Read Time 3 Minutes
The brains behind this blog are all Gulf Coast residents, so we empathize if you’ve had more than enough of summer. In some places, summer is the most beautiful season: in the southeastern U.S., it’s mostly one long slog of hot-and-humid discomfort.
But whether you associate summer with outdoor time or with air conditioning, by September most people are ready for autumn. Fall colors, crisp evenings, and pumpkin lattes bring out something you just can’t get when the sun stays up late. There’s a mellow relaxation in the air that hints at cozier days to come.
If the seasons haven’t yet come that far for you, try some of these ideas for enjoying an early taste of autumn.
Besides searching for “autumn” and “fall season” media, look up general “travel,” focusing on places like New England which are famous for autumn colors. Try the Explore.org app or website for live video from anywhere in the world. (Anyone for vicarious fishing with Alaska’s brown bears?) For parents of schoolchildren, this is also a great way to combine fun and education, especially when explaining how seasons differ in different geographical regions.
Make It a Family Thing
While preparing for fall with your kids (and perhaps your pets and a service dog or two), plan a special “Autumn Day” for your household.
- Decorate the living room with hand-drawn autumn leaves, clay pumpkins, and other seasonal crafts. (Try the PictureThis Plant Identifier app for researching additional plant species suited to autumn—or for tips on raising autumn plants of your own.)
- Play games with autumn themes, or put an autumn twist on traditional year-round games. (For example, pin the leaf on the pumpkin instead of the tail on the donkey, or play Charades/Pictionary with a rule that every answer has to be related to autumn. Incidentally, the BridgingApps database has multiple recommendations for word-game apps.)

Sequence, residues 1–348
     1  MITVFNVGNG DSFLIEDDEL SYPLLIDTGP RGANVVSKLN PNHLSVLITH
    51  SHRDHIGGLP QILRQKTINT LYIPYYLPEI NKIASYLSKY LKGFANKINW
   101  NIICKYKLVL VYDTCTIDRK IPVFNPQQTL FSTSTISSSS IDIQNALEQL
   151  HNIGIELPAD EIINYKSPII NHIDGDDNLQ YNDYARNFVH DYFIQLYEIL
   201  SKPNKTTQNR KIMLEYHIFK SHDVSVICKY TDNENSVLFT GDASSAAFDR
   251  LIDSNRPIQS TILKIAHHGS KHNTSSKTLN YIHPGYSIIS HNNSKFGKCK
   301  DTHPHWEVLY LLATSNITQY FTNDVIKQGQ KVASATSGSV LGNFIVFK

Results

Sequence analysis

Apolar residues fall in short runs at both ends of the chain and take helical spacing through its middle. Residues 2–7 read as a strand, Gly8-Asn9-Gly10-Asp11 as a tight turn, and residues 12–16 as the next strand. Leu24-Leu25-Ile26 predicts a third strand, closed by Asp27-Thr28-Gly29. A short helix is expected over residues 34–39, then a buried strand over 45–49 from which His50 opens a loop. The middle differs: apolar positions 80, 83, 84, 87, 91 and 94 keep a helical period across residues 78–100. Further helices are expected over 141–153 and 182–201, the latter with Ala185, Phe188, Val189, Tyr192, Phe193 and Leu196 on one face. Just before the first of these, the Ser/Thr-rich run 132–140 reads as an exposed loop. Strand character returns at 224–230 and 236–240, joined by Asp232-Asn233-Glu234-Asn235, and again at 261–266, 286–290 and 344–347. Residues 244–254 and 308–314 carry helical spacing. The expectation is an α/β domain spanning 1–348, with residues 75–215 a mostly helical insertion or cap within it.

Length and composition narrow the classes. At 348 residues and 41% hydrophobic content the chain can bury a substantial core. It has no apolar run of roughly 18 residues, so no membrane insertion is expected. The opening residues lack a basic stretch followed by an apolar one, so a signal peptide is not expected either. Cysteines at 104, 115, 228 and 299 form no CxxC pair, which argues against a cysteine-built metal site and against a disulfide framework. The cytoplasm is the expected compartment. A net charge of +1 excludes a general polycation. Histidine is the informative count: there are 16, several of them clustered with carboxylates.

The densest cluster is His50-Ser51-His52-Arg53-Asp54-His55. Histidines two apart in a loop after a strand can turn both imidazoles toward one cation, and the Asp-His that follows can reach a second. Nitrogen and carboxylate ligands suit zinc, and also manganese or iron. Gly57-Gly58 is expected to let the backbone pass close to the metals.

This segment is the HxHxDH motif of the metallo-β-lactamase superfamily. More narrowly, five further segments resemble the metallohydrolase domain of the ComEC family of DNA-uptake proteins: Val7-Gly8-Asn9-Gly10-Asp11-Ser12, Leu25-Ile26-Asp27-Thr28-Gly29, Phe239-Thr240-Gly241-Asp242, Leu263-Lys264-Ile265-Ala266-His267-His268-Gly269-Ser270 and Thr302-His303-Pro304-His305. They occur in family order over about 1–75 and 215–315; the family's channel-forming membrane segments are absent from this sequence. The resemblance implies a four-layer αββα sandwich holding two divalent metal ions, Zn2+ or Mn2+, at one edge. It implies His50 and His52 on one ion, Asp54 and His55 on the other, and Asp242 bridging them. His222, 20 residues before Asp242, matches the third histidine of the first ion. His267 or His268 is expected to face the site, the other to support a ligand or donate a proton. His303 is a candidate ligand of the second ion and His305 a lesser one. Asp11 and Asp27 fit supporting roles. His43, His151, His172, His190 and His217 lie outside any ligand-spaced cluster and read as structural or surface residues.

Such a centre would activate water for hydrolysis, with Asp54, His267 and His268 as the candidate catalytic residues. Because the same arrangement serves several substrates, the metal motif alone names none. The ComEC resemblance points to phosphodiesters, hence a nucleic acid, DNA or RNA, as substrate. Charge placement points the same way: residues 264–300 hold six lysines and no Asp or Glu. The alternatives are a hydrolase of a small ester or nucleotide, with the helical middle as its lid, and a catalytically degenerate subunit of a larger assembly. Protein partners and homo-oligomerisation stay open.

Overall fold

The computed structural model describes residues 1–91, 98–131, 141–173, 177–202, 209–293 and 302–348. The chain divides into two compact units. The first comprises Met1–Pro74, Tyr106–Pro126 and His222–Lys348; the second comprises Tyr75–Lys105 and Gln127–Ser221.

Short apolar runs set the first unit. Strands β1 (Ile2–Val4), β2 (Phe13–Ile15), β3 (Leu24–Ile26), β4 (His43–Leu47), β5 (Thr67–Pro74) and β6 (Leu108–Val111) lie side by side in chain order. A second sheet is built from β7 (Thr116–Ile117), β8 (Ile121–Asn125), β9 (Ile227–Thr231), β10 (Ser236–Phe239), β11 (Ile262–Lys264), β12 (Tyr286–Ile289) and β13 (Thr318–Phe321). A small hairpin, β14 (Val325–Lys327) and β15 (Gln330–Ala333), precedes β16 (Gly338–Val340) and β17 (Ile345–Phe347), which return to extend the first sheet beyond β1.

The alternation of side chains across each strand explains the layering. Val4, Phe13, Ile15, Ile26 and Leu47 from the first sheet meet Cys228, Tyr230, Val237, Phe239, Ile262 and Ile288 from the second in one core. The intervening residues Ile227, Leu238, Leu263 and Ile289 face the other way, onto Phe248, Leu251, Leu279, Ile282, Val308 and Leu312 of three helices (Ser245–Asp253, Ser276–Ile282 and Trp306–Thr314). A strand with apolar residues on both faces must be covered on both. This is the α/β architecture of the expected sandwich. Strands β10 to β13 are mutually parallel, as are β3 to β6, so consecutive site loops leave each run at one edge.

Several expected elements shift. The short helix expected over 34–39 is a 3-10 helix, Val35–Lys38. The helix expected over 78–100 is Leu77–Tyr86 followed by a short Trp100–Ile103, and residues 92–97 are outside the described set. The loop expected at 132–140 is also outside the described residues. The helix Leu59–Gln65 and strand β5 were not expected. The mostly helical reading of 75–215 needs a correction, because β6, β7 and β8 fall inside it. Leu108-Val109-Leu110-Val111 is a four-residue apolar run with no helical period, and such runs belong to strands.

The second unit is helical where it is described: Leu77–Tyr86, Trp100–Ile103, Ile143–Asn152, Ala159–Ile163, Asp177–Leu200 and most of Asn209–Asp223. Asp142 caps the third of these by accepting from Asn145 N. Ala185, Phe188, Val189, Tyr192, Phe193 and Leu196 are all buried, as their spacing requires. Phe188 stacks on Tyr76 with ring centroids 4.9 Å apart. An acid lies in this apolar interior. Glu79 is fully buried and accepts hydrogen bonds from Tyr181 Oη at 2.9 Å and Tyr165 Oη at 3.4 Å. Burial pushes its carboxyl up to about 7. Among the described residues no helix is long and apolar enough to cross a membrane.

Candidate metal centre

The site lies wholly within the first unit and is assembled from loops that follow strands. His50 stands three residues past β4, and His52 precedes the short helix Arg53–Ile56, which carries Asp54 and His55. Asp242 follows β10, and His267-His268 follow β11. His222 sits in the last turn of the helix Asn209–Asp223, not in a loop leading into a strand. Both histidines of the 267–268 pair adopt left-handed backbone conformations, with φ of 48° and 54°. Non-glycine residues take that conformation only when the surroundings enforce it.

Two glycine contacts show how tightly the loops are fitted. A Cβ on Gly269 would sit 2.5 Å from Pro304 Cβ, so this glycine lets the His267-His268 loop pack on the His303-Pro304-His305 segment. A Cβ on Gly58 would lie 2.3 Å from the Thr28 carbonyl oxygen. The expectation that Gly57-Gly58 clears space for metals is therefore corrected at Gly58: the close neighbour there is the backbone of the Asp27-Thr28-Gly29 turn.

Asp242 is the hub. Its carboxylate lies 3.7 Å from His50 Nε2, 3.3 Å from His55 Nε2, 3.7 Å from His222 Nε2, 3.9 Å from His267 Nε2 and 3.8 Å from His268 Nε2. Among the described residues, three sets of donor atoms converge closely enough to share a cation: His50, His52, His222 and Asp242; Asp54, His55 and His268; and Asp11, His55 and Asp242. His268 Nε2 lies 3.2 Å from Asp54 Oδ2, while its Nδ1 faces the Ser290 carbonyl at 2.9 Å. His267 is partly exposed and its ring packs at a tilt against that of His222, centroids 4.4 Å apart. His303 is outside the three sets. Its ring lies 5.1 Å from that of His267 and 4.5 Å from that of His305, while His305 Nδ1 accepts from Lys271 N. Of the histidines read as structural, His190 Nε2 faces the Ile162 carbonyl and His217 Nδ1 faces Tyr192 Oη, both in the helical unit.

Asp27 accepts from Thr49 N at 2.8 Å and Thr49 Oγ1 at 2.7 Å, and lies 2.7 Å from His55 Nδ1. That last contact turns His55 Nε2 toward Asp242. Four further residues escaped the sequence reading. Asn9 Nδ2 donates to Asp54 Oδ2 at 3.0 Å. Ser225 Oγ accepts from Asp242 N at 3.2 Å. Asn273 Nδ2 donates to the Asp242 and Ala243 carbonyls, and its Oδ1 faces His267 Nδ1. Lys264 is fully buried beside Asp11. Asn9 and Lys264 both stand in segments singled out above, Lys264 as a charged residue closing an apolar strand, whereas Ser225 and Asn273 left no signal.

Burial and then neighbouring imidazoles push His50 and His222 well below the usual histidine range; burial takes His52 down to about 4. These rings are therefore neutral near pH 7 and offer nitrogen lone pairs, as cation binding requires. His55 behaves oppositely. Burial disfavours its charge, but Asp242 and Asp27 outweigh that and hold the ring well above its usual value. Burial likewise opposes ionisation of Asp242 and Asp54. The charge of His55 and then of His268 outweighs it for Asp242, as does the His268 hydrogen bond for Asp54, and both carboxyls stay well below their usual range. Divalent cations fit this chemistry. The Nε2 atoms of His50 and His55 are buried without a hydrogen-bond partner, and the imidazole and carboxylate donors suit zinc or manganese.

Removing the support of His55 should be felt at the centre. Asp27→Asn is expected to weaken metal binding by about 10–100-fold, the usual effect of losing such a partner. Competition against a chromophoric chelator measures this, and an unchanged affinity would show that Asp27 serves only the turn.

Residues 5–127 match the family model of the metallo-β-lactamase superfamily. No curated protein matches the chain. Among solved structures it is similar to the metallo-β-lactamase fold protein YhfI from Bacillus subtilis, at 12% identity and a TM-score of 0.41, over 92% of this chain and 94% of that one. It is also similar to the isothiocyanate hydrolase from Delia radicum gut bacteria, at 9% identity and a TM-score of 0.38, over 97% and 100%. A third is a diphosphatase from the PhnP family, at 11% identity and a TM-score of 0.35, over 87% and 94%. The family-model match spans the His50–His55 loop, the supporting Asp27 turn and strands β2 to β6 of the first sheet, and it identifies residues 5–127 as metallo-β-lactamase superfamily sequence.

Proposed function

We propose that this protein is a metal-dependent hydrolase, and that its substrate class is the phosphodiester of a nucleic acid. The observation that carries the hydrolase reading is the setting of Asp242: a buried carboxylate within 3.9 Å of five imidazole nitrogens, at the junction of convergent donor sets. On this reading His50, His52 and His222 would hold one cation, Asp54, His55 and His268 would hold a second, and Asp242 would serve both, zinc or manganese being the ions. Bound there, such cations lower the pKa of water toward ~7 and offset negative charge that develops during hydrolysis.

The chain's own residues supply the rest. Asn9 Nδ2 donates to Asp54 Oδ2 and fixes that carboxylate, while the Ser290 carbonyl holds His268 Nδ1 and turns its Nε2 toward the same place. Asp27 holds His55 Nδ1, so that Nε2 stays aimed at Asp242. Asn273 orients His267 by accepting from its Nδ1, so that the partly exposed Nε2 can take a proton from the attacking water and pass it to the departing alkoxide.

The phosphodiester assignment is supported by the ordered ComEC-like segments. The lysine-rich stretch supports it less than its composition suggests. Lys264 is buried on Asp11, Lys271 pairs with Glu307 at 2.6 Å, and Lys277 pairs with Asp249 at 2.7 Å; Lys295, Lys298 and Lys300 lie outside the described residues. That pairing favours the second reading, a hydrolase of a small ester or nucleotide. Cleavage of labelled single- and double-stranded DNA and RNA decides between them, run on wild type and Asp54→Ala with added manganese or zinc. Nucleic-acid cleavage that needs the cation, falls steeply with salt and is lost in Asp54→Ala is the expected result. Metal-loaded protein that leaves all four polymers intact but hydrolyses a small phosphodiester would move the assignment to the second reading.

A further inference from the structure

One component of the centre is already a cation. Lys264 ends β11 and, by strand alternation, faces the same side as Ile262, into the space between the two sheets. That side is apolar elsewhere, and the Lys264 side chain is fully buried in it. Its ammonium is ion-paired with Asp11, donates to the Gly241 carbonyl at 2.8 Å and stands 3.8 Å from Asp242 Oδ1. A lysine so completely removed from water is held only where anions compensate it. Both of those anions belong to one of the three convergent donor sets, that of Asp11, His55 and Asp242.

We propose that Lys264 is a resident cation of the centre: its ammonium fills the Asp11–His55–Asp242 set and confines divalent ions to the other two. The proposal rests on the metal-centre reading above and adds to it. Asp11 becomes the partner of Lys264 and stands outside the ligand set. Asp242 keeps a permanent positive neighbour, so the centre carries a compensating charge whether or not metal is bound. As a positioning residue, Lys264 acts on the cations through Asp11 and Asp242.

- Light candles or essential-oils diffusers with cinnamon, apple, and pumpkin aromas.
- Make fall-themed recipes, such as a salad of harvest vegetables with a pumpkin/maple/cranberry dessert.
- Include hot fall drinks on your menu—or, if the weather is still too warm, make a family calendar of September-through-November days for brewing your favorite flavors. (Note: Try not to buy more than your family can drink in one season. In fact, before you buy any seasonal beverages, check your cupboards, and use or clear out anything that got pushed to the back and forgotten after fall 2021—or 2020, 2019, 2018…)
Finally, remember that autumn ushers in the season of coziness. End your day by sitting close together and reading a story or singing songs. Hang or project a fire-in-the-fireplace image to further enhance the cozy feeling.
When Autumn Isn’t Such a Happy Time
After focusing for 500 words on the positive aspects of autumn, it’s only fair to remember those who anticipate the season less than eagerly. Perhaps you dread seeing the days shorten, because someone in your household struggles with:
- Seasonal Affective Disorder (SAD), or developing major depression whenever daily sunlight periods are limited
- Extreme sensitivity to loud noises, bright lights, gaudy colors, enthusiastic celebrations, and/or vivid displays
- Autism-connected distaste for any change
If that’s the case in your family, do think twice before deciding to avoid all “welcome to fall” activities. Kindling the mood in advance, plus emphasizing the positive side, may actually help everyone negotiate the change successfully. Consult your family doctor(s) or therapist(s), not to mention the family member(s) with the problem, for ideas on how to move forward. And if you don’t already have proven coping strategies (e.g., light therapy or mood-management apps for SAD), get professional advice there as well.
In any case, focus on the positive, and avoid making self-fulfilling “this is going to be a miserable time” prophecies. No season is perfect, but every season is wonderful in its own way.
See BridgingApps recommendations for additional tech tools related to: